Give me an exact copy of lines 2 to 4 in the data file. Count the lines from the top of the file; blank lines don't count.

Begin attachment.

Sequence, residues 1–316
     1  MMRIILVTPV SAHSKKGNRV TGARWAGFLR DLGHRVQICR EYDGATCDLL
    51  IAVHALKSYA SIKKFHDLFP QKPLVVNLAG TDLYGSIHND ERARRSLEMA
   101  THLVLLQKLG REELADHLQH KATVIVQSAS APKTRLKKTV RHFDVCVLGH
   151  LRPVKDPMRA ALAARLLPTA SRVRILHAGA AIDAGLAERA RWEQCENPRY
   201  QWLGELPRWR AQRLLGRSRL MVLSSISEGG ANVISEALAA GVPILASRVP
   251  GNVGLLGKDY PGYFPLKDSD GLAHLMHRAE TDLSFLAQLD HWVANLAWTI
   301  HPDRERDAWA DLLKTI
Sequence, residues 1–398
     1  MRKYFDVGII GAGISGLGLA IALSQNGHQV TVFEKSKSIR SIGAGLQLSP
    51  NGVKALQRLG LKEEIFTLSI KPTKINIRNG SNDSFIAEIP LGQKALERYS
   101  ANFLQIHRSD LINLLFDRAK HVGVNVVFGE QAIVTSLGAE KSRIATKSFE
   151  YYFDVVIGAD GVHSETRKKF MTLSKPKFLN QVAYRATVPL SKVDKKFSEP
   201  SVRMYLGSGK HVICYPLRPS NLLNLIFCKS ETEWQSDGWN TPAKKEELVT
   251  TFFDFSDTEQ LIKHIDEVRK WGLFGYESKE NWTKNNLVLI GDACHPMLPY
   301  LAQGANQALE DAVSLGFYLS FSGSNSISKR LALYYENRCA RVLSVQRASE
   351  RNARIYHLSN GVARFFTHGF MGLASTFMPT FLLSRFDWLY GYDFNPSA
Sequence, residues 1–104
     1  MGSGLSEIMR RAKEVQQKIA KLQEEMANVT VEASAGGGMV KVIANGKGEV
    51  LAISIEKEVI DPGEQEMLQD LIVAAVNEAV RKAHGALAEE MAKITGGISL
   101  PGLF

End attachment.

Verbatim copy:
     1  MMRIILVTPV SAHSKKGNRV TGARWAGFLR DLGHRVQICR EYDGATCDLL
    51  IAVHALKSYA SIKKFHDLFP QKPLVVNLAG TDLYGSIHND ERARRSLEMA
   101  THLVLLQKLG REELADHLQH KATVIVQSAS APKTRLKKTV RHFDVCVLGH